Twelve-year-old Australian girl killed in Baghdad ice-cream shop blast

Twelve-year-old Australian girl killed in Baghdad ice-cream shop blast
3 min read
Zynab al-Harbiya from Melbourne was visiting her sick grandfather in Baghdad when she was killed after a car bomb exploded outside a popular ice-cream shop.
Zynab Al-Harbiya: Iraqi-Australian victim of IS attack on Karrada ice cream van [Twitter]

A 12-year-old Iraqi-Australian girl was killed in the latest Baghdad blast, the Australian foreign minister said on Wednesday.

Zynab al-Harbiya from Melbourne was visiting her sick grandfather in Baghdad when she was killed after a car bomb exploded outside a popular ice-cream shop early Tuesday local time, foreign minister Julie Bishop said.

"This tragedy underscores the brutality of this terrorist organisation. It shows no respect for religion, nationality, sovereignty, borders, no respect for humanity," Bishop told reporters.

The girl's cousin, Layla al-Saabary, said the family had only been in Baghdad for a few days when the tragedy occurred.

She also said that Zynab had been “scared” of the concept of being attacked by a bomb.

"She wanted to go and buy ice-cream... Her mother gave permission and so they went to the main square and she was going to go buy ice-cream... she went and she never came back," Al-Saabary told Australian Broadcasting Corp.

Zynab’s mother and uncle were also injured in the attack.

She had gone with her mother and an uncle to Baghdad while her father stayed in Melbourne. He said the mother's wounds were not life threatening but the girl's uncle was hurt seriously.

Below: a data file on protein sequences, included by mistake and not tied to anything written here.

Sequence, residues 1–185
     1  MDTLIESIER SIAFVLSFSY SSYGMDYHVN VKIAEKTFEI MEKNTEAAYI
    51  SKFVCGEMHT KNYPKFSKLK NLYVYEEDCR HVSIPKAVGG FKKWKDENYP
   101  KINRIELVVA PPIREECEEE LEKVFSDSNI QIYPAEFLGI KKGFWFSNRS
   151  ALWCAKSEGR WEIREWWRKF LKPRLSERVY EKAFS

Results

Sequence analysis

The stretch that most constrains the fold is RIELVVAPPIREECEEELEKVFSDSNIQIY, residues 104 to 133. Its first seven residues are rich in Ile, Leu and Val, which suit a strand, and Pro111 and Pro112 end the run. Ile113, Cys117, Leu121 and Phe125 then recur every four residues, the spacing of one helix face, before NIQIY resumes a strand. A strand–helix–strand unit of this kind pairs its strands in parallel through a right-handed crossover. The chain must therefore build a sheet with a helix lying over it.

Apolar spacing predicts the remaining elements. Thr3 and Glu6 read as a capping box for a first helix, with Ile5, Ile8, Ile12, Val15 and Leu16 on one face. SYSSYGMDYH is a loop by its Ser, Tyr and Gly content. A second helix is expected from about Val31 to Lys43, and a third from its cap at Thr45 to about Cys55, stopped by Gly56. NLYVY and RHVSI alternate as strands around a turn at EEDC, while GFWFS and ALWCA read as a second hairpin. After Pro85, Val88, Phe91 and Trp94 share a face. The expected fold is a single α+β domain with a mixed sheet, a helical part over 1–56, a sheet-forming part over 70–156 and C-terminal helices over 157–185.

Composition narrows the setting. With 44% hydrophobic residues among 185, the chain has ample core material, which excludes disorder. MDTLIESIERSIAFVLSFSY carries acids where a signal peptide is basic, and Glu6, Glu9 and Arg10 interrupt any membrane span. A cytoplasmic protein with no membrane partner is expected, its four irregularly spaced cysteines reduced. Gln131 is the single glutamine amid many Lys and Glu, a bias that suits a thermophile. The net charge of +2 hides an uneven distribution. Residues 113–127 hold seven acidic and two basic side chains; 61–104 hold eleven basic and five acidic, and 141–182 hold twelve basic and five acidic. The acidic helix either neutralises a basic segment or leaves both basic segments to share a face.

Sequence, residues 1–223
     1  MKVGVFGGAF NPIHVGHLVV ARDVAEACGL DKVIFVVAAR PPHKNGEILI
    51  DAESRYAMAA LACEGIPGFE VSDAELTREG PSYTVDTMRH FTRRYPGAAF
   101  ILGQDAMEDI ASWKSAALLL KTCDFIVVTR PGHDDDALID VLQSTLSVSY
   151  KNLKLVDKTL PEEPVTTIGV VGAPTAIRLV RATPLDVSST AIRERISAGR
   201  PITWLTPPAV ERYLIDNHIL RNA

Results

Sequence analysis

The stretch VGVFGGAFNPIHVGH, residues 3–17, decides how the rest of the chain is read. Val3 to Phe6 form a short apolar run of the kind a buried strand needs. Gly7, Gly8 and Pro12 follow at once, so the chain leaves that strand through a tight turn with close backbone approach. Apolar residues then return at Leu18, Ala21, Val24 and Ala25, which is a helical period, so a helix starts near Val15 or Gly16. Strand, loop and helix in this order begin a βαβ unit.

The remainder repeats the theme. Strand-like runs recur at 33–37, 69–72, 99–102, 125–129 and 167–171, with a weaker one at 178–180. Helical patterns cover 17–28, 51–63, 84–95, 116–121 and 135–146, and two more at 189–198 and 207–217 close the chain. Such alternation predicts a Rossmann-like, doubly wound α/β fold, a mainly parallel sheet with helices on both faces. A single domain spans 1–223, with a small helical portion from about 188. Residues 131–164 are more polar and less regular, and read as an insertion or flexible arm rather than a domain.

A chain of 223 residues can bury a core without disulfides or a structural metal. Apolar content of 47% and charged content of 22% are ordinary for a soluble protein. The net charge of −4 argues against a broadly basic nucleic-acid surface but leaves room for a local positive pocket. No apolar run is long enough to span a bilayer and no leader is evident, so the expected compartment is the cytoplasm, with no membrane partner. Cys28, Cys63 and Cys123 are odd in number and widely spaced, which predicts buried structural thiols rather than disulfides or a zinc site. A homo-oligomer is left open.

The overnight attack in Baghdad’s Karrada district killed nearly 30 and wounded more than 100 people, Iraqi security and medical officials said.

"The suicide bomber was able to detonate his explosives-laden car near Al-Fakma, in the Karrada district central Baghdad after midnight, targeting a crowd of civilians," an official told The New Arab.

The attack came just days into the holy month of Ramadan when Muslims fast during daylight hours. After sundown, families break their fast and Baghdad’s restaurants and cafes quickly fill up.

The IS group-linked Amaq propaganda agency said the suicide bomber targeted a "gathering of Shias."

The holy Muslim month of Ramadan is often marked by an increase in violence in Iraq.

Last year, a huge truck bombing claimed by IS killed hundreds in a retail district in central Baghdad where people were shopping for clothes ahead of the holiday that marks the end of Ramadan. It was the single deadliest event in Baghdad since Iraqi leader Saddam Hussein was toppled in 2003.